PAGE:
Marijuana: John Hickenlooper-Eric Holder A64 call still a mystery despite activist's efforts
Editor's note: Medical marijuana critic William Breathes's latest review, which is usually published at 4:20 p.m. on Thursdays, has not quite finished curing; look for it in this space soon.
In the meantime, we share the story of a marijuana activist and his efforts to discover what was said during a key conversation between Colorado's governor and the U.S. Attorney General....
Shortly after Amendment 64's passage, Governor John Hickenlooper participated in a conference call with U.S. Attorney General Eric Holder, presumably to talk about the contradictions between A64 and federal law. Afterward, Hickenlooper released a brief statement about the chat, but no details have emerged, prompting a months-long effort by one activist to find out what was said. He's frustrated by what he sees as governmental stonewalling.
Long before the birth of the Occupy movement, however, Donahue was well known in the marijuana-reform community for his aggressive pursuit of change. In July 2011, for instance, he was arrested after disrupting a Regulate Marijuana Like Alcohol Act meeting. Shortly thereafter, he was named on a warrant after allegedly taking Medical Marijuana Enforcement Division public records without paying for them.
Corey Donahue as he appeared on Westword's cover in December 2011.
Unsurprisingly, Donahue wasn't satisfied with the following statement, released by Hickenlooper spokesman Eric Brown after the November 9 conversation involving the governor, Holder and Colorado Attorney General John Suthers:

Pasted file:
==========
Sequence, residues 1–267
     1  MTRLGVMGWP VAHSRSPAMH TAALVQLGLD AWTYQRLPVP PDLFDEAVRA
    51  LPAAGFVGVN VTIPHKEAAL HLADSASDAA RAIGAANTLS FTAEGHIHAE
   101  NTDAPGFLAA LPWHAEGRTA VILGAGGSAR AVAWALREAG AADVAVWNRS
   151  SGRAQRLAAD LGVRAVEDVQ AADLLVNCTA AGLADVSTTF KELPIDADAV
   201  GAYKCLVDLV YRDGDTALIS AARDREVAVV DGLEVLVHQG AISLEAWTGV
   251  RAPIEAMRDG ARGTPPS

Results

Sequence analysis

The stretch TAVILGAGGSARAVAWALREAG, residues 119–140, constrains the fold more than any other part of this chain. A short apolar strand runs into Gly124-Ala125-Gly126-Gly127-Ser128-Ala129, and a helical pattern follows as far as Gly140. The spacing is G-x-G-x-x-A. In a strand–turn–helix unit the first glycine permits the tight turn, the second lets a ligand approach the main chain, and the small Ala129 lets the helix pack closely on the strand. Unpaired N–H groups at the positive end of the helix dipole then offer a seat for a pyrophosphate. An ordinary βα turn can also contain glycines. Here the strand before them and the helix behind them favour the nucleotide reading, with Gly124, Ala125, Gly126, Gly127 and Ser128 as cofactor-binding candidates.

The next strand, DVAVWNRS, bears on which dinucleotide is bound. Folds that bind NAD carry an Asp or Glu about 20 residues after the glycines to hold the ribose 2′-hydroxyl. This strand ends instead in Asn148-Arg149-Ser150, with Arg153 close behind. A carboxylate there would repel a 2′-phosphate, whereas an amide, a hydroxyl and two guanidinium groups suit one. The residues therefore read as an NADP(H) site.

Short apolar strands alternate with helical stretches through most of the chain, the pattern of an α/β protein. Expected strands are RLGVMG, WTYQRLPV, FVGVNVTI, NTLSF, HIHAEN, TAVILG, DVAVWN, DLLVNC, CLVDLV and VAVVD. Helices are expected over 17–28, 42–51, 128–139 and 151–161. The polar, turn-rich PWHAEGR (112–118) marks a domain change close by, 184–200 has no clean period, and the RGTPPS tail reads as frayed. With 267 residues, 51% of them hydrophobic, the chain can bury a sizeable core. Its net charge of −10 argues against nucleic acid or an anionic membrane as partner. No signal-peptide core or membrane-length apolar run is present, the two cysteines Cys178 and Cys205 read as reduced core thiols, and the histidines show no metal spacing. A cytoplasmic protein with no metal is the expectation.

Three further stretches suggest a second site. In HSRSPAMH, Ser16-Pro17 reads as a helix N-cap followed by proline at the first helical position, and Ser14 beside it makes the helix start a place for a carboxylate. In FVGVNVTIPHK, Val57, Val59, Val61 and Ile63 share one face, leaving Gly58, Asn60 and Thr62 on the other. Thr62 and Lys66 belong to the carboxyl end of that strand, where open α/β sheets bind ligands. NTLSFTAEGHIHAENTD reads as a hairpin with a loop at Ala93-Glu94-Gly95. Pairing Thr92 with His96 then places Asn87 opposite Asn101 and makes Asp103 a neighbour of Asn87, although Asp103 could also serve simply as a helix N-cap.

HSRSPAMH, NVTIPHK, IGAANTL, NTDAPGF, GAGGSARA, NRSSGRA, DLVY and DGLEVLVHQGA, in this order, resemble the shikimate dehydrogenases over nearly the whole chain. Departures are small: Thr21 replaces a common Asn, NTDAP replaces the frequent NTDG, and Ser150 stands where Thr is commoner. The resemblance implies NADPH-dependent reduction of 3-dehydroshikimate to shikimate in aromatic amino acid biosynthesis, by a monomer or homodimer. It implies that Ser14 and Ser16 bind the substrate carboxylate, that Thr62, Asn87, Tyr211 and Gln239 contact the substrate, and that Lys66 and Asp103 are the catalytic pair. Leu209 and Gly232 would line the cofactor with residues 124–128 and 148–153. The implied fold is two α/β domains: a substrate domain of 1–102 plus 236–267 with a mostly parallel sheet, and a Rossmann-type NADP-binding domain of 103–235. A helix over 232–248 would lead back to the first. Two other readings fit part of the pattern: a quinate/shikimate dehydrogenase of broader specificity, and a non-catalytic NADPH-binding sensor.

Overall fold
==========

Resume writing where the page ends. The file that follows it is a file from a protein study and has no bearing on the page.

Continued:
Governor John Hickenlooper and Attorney General John Suthers talked to U.S. Attorney General Eric Holder by phone [Friday]. They emphasized the need for the federal government to articulate what its position will be related to Amendment 64. Everyone shared a sense of urgency and agreed to continue talking about the issue.From Donahue's perspective, the real urgency in this case involved a need for full disclosure -- so he filed a Colorado Open Records Act request asking for access to any information about the teleconference.
Finally, last week, Donahue received a reply from the office of Stephanie Donner, Hickenlooper's deputy legal counsel: No records were responsive to his inquiry. When he followed up to ask specifically about the possible existence of minutes or recordings, Donner replied via e-mail, "The Governor did have a conversation with the Justice Department, however, there are no documents or recordings from that conversation."
Donahue's reaction to this rejection speaks to his frustration.
Continue for more about Corey Donahue's open records request and the conversation between John Hickenlooper and Eric Holder.